Thursday, September 19, 2013
Paula Patton Defends Robin Thicke and Miley Cyrus at VMAs, Twerks on Al Roker (VIDEO)

Paula Patton Defends Robin Thicke and Miley Cyrus at VMAs, Twerks on Al Roker (VIDEO)

(PHOTO:Twitter/Paula Patton)

Paula Patton discussed her husband Robin Thicke's performance at the VMA's with Miley Cyrus to his song "Blurred Lines." While many were shocked by the lewd performance, which including the young pop star twerking on Thicke, Patton said the suggestive dancing didn't bother her at all.

Paula Patton's attitude towards the MTV VMA's performance came from knowing what was happening in advance. She revealed on the "Today" show Tuesday that all the twerking had been rehearsed days in advance. The "Baggage Claim" actress also pointed out that the nature of Cyrus' music— her last two music videos for "We Can't Stop" and "Wrecking Ball" have featured sexual themes— is anything but family-friendly.

"I gotta be honest with you," Patton told Andey Cohen on "Watch What Happens Live." "I don't know what people thought Miley was going to do. I mean, sit down and play the piano like Alicia Keys? Her song's about molly!" she said, referring to the drug ecstasy.

Patton, who is currently promoting "Baggage Claim" before its release Sept. 27, also said that "twerking," while crude and offensive to adults first introduced to it, is fairly commonplace among the younger generation.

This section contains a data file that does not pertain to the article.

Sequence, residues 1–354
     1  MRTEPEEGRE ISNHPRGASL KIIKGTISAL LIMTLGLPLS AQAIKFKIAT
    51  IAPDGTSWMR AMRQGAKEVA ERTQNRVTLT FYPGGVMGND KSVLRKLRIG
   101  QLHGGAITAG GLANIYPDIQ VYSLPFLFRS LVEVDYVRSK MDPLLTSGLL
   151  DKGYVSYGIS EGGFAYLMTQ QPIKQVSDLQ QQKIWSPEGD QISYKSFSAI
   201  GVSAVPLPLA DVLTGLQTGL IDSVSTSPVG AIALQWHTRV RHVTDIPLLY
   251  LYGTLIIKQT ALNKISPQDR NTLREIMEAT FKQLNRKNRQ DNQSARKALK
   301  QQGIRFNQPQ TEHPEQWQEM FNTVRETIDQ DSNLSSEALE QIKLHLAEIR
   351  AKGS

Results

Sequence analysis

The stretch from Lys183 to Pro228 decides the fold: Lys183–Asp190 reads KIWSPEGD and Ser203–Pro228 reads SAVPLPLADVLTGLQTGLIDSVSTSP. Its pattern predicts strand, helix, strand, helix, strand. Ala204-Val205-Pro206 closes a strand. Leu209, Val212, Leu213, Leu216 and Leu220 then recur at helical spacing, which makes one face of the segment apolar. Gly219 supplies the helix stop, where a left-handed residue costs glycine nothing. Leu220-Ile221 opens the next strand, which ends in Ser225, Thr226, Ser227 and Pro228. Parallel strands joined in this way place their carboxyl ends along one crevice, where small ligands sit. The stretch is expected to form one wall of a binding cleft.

"I don't know if you guys have been to a club lately, but that's how girls dance at the club … My friends dance with [my husband] like that. It's just what they do," the 37-year-old actress said.

To prove it, Patton danced on Al Roker while on the "Today" show— her version of "twerking" was much less lewd than Cyrus' as she jokingly danced around.

"Your wife's not going to get mad at you, is she?" she said, laughing.

Thicke and Cyrus have also spoken out about the controversial performance as well, with the young pop star saying people were "overthinking it." Thicke anticipated the controversy, however.

"We knew what we were getting ourselves into. We're entertainers, and the VMAs [are] the perfect place for a little shock and awe. … Obviously, a few people are going to have something to say about this. But that was the whole point!" Thicke told Star magazine.

There were more than a few complaints to the FCC after the performance though: 150 people did not appreciate the stunt, according to the Huffington Post.


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